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Posted by The Dean of Cincinnati
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In this week’s Porkopolis column, CityBeat’s news editor, Greg Flannery, comes to the defense of Bill Sloat—giving credibility to Sloat’s dubious claims of being a spat-upon Vietnam veteran. Sloat’s story emerged as the nation buzzed over a similar tale by professional victim Josh Sparling—who says he got spat upon at the recent anti-war protest in Washington D.C. (Read our original coverage here.) Our story was picked up nationally by popular and well respected blogs like Hullabaloo (which you can read about here). Our story was based on facts and the research of experts, and Sloat never presented anything to defend himself. Nevertheless, Greg Flannery has seen fit to come to his defense, which can only lead to two logical conclusions: either Flannery has become the first journalist to verify one of these spat-upon veteran stories, or he owes The Cincinnati Beacon a formal and printed apology in next week’s CityBeat.
As Nate Livingston has correctly noted, Greg Flannery misses the entire point of the Sloat controversy—perhaps because he still feels a connection with Sloat over an old apology. Here is the entire selection from Porkopolis. Notice Flannery’s fixation on Sloat’s apology, totally unrelated to the current issue:
It’s no secret that Bill Sloat is one of the best journalists in Cincinnati, where he ran a one-man bureau for The Cleveland Plain Dealer until he accepted a buyout late last year. Sloat now finds himself on the receiving end of a vicious attack by the Cincinnati Beacon, a local blog that suggests he fabricated a story about being spat on while a soldier during the Vietnam War. The Beacon’s “evidence”: Sloat apparently remembered the wrong year that a porn movie was distributed. It’s more of the Beacon’s usual style of turning minor circumstances into major conspiracy theories. That contrasts nicely with Sloat’s new blog, The Daily Bellwether (thebellwetherdaily.blogspot.com), which treats news as serious business.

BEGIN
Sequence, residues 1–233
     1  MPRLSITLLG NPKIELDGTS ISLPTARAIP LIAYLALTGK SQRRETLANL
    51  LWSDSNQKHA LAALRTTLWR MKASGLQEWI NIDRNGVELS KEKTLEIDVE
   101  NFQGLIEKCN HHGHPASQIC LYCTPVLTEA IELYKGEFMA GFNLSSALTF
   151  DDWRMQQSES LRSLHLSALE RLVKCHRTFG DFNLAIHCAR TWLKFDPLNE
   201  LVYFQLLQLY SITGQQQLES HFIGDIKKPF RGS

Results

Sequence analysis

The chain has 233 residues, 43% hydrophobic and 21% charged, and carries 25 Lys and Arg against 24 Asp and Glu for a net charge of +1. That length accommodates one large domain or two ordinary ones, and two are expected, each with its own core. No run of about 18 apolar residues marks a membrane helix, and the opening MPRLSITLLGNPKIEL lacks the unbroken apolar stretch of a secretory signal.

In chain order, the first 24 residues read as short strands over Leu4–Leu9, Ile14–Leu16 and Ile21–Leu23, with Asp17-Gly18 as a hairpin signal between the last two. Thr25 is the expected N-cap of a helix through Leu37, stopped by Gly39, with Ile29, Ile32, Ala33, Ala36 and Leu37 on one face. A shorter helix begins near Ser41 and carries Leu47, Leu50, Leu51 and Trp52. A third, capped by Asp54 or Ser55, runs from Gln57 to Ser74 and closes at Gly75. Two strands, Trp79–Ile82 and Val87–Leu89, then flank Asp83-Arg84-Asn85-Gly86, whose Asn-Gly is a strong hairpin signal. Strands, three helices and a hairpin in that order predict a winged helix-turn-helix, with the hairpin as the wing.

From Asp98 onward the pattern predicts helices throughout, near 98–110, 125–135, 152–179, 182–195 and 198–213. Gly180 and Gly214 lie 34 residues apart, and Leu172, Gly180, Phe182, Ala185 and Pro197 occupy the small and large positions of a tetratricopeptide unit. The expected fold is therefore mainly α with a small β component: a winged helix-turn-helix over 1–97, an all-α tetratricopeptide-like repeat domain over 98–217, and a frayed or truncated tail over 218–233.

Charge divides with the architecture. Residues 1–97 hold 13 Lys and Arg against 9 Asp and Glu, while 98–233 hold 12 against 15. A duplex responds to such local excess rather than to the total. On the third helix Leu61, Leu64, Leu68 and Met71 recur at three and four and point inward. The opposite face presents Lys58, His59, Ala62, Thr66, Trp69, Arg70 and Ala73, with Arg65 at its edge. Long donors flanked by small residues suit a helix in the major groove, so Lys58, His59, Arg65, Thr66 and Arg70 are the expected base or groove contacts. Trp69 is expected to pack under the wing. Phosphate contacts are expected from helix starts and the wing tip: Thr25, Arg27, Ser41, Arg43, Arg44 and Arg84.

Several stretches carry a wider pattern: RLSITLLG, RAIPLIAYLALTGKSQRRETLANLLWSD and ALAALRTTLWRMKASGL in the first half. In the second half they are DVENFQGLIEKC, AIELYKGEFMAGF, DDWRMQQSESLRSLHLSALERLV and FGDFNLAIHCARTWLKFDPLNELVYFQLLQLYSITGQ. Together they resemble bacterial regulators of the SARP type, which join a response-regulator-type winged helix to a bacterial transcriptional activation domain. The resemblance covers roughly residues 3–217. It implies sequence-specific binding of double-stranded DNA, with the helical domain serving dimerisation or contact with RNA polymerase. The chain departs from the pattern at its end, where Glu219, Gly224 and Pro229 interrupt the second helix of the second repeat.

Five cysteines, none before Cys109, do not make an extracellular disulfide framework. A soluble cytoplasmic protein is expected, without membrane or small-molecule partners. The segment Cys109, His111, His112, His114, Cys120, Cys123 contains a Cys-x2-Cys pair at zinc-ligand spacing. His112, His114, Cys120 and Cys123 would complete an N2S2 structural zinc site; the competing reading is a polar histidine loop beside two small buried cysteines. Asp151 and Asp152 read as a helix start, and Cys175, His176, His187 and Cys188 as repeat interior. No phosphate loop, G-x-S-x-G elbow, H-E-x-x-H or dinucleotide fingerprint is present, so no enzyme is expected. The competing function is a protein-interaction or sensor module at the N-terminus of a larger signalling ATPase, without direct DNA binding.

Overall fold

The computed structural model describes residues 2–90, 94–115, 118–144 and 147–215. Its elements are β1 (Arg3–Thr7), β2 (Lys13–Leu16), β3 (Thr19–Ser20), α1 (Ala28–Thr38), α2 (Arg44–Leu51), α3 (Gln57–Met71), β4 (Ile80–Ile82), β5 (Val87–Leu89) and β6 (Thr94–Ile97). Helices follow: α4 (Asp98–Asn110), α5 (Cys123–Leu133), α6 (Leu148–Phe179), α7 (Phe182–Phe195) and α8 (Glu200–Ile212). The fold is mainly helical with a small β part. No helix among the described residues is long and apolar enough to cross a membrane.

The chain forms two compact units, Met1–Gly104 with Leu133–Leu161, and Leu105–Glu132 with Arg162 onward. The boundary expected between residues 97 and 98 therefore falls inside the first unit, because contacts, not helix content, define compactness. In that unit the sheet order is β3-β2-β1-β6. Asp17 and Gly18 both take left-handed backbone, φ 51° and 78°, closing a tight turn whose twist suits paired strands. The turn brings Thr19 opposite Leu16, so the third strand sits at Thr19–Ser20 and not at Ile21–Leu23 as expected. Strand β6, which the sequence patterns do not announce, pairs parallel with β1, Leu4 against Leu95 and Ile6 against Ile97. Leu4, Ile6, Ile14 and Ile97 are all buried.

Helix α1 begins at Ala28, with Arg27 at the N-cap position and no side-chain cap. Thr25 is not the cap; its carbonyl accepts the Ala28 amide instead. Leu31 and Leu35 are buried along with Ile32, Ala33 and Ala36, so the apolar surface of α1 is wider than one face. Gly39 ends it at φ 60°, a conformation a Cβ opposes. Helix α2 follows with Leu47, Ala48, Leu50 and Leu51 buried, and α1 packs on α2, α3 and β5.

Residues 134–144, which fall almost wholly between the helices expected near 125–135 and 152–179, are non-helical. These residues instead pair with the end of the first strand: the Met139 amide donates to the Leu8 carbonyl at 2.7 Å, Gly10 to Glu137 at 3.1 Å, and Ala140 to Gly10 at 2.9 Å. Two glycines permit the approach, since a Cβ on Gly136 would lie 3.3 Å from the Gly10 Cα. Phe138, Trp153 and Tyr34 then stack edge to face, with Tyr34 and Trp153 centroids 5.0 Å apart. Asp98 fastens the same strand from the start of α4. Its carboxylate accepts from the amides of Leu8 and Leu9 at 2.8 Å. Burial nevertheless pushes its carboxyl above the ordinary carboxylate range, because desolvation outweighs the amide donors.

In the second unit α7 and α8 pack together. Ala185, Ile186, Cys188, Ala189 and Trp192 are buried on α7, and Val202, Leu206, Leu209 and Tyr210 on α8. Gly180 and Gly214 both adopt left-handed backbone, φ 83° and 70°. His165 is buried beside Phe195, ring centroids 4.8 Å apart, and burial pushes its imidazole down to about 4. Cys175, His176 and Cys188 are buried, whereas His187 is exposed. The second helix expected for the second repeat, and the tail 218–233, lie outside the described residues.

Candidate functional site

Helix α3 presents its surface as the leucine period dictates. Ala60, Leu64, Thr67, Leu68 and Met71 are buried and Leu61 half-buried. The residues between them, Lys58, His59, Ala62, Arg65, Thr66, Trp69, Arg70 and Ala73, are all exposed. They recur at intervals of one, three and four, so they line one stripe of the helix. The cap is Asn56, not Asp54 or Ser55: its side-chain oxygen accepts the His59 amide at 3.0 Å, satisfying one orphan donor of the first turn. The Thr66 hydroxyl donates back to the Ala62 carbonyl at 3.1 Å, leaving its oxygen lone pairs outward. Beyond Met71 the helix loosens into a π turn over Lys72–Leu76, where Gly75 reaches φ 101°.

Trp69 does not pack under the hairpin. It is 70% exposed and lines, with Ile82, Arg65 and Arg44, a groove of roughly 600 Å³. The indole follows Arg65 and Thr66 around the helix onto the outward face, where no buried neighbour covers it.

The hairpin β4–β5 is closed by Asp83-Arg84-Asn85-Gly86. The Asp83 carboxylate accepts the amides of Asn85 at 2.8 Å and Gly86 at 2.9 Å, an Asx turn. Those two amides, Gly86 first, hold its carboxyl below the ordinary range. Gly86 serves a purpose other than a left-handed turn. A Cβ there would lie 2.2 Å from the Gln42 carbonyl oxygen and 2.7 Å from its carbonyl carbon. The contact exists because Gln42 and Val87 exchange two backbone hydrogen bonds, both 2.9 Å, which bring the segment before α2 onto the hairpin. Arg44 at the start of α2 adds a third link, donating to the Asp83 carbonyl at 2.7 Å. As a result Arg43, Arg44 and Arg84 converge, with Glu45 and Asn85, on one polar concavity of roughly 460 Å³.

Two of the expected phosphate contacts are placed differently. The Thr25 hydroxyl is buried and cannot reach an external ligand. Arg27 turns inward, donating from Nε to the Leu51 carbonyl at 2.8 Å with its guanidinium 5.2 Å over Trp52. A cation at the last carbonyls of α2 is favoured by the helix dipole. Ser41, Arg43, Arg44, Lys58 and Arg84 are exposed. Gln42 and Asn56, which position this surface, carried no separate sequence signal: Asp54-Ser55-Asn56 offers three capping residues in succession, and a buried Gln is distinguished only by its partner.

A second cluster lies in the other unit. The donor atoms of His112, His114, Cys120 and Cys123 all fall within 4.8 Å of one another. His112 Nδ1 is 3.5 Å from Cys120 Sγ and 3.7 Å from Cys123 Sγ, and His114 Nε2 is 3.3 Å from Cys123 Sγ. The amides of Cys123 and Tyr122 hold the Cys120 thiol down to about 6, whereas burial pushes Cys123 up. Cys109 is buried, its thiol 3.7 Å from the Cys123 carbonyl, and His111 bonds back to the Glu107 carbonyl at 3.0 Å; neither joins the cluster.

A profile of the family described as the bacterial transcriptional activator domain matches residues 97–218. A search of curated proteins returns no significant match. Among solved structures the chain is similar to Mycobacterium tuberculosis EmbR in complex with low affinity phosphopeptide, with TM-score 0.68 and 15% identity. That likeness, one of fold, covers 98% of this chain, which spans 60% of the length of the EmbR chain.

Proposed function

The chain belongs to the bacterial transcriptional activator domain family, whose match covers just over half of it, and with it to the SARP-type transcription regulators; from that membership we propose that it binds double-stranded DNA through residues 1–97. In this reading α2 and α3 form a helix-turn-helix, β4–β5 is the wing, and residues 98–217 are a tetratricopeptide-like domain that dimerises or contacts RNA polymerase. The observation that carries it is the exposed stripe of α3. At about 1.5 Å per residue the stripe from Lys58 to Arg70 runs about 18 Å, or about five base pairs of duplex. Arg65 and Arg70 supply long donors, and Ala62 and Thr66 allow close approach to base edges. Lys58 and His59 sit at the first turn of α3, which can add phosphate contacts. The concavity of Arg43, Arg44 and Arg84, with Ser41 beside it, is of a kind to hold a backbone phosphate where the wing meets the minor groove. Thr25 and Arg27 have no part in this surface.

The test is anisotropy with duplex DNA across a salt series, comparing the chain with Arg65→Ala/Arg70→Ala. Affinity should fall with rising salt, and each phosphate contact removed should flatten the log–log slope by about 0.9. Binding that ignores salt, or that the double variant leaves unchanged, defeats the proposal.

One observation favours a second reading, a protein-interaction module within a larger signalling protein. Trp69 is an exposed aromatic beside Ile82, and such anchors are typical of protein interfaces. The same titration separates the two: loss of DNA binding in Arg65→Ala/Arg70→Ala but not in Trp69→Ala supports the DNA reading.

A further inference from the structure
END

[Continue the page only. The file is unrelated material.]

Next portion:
Sloat recently had a revealing article about Bush’s 2002 speech at the Cincinnati Museum Center in which he all but declared war on Iraq. During the speech, an estimated 5,000 people waged a spirited protest outside. Participants later complained that the national media ignored them. In a post two weeks ago, Sloat said they were correct and apologized for the news blackout.
“As a reporter, I was locked inside the hall and couldn’t witness events outside,” Sloat wrote. “I tried like heck to let people know by cell phone but it all fell through the cracks. At most there was a line or two about the protest and how the audience leaving the speech got snarled in traffic because the parking lot exits were blocked. Nothing much that disclosed the extent of a huge anti-war event, or that it had unfolded in SW Ohio, an area that was supposed to be a hotbed of pro-Bush, anti-Iraq sensibilities. ... It was a great failure—for me and the profession I worked within.”
It looks like Greg Flannery is giving Bill Sloat a pass because of a five year old apology. (If Flannery values apologies so much, he will not hesitate to give one to The Cincinnati Beacon, as our analysis of the Sloat situation is not nearly so “conspiratorial” and unprofessional as Flannery claims.)
Firstly, the issue is not that Sloat “remembered the wrong year that a porn movie was distributed.” Sloat claims to have a vivid memory of being spat upon while wearing his uniform in New Orleans, 1970. He claims the incident happened after he and some friends walked out of a porno theatre—where they had just viewed The Devil in Miss Jones—when a lone woman spat upon them. The most immediate problem with this story: The Devil in Miss Jones did not exist in 1970, so he can’t have a “vivid” memory of walking out of a porn theatre after seeing that film in 1970.
But when did “porn theatres” even come into existence? Check out this summary from Wikipedia (about the film Deep Throat):
On June 5, 1972, the movie received a glowing review by Al Goldstein in his Screw magazine. Only two full-length (and lesser known) heterosexual hardcore porn movies had been released previously in the U.S.: Mona in 1970 and School Girl in 1971. Together with the gay-themed Boys in the Sand, released in December, 1971, and Behind the Green Door which was also released in 1972 and widely shown in mainstream theatres, Deep Throat started a brief period of ‘porno chic’ when it was considered cool in some circles to go see porn movies, even in mixed company. Several mainstream celebrities were seen watching Deep Throat, including Truman Capote, Jack Nicholson and Johnny Carson. The phenomenon was described and the movie reviewed in an influential 5 page article in The New York Times.